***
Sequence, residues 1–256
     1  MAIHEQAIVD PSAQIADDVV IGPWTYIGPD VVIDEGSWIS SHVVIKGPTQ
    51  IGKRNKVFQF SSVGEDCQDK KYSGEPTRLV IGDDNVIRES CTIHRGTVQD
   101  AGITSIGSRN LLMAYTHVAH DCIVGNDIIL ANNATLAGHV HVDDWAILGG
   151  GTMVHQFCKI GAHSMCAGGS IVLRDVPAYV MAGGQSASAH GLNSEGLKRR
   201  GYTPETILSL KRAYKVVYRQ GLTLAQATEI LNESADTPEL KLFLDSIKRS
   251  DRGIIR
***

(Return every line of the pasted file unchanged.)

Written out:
Sequence, residues 1–256
     1  MAIHEQAIVD PSAQIADDVV IGPWTYIGPD VVIDEGSWIS SHVVIKGPTQ
    51  IGKRNKVFQF SSVGEDCQDK KYSGEPTRLV IGDDNVIRES CTIHRGTVQD
   101  AGITSIGSRN LLMAYTHVAH DCIVGNDIIL ANNATLAGHV HVDDWAILGG
   151  GTMVHQFCKI GAHSMCAGGS IVLRDVPAYV MAGGQSASAH GLNSEGLKRR
   201  GYTPETILSL KRAYKVVYRQ GLTLAQATEI LNESADTPEL KLFLDSIKRS
   251  DRGIIR